Successful completion of this work will provide a better understanding of the major sources and mechanisms of noise generated by the engines of high-performance military aircraft. The results are expected to: (1) enhance aeroacoustic analogies using noise-source models derived from Reynolds averaged Navier-Stokes solutions, (2) validate and improve large eddy simulation solutions used to predict noise from large-scale structures in relevant jet exhausts, (3) quantify linear and non-linear propagation regions for predictive code development, (4) quantify near-field noise for predictive code development, and (5) guide development of realistic experiments designed to understand and reduce jet noise sources in high-speed, hot engine plumes. This knowledge will enable the development of technologies to predict and reduce noise from engines while minimizing the impact to engine performance.
The Department of Defense (DoD) operates increasingly higher performance, supersonic military jet aircraft using very high-power, low-bypass, supersonic-jet-flow gas-turbine engines. Despite increasingly restrictive aircraft operational guidelines, DoD high-performance jets are significantly louder than commercial aircraft in all operational modes. With the growth of communities surrounding DoD installations, noise from the operation of military aircraft is an increasing concern. These noise levels are already causing significant pressure for reductions in aircraft numbers and/or available airspace for training and operations. Additionally, some DoD personnel perform duties in the acoustic near-field of engine plumes and are exposed to very high noise levels that are a known safety concern. Veterans Administration claims related to hearing impairment are the single largest category of claims, and are increasing.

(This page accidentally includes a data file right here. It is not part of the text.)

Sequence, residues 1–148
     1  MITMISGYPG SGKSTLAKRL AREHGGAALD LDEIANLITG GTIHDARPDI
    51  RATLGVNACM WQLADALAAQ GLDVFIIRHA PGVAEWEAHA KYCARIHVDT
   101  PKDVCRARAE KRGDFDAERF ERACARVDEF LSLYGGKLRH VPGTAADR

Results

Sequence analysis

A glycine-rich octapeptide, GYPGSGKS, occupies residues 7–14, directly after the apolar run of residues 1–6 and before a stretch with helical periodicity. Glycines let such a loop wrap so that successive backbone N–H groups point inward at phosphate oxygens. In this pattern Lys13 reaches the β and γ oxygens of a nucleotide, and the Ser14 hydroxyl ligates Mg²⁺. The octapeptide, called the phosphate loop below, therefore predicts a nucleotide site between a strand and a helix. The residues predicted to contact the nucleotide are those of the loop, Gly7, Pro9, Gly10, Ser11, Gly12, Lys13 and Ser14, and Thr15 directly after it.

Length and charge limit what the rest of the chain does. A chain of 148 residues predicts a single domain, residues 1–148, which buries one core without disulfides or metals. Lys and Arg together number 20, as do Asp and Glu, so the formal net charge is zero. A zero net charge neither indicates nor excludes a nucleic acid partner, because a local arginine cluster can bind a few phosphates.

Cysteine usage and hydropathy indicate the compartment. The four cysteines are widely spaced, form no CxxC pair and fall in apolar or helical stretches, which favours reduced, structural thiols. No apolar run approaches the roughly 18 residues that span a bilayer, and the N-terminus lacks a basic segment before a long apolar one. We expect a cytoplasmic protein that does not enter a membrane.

The DoD is aware of the issues and impacts on the environment from noise generated by highperformance supersonic military aircraft such as the F-35 Lightning II Joint Strike Fighter (JSF), F-22, and F/A-18 E/F. Current and potential U.S. and international noise regulations and policies threaten to impact future basing considerations as well as operations and training requirements.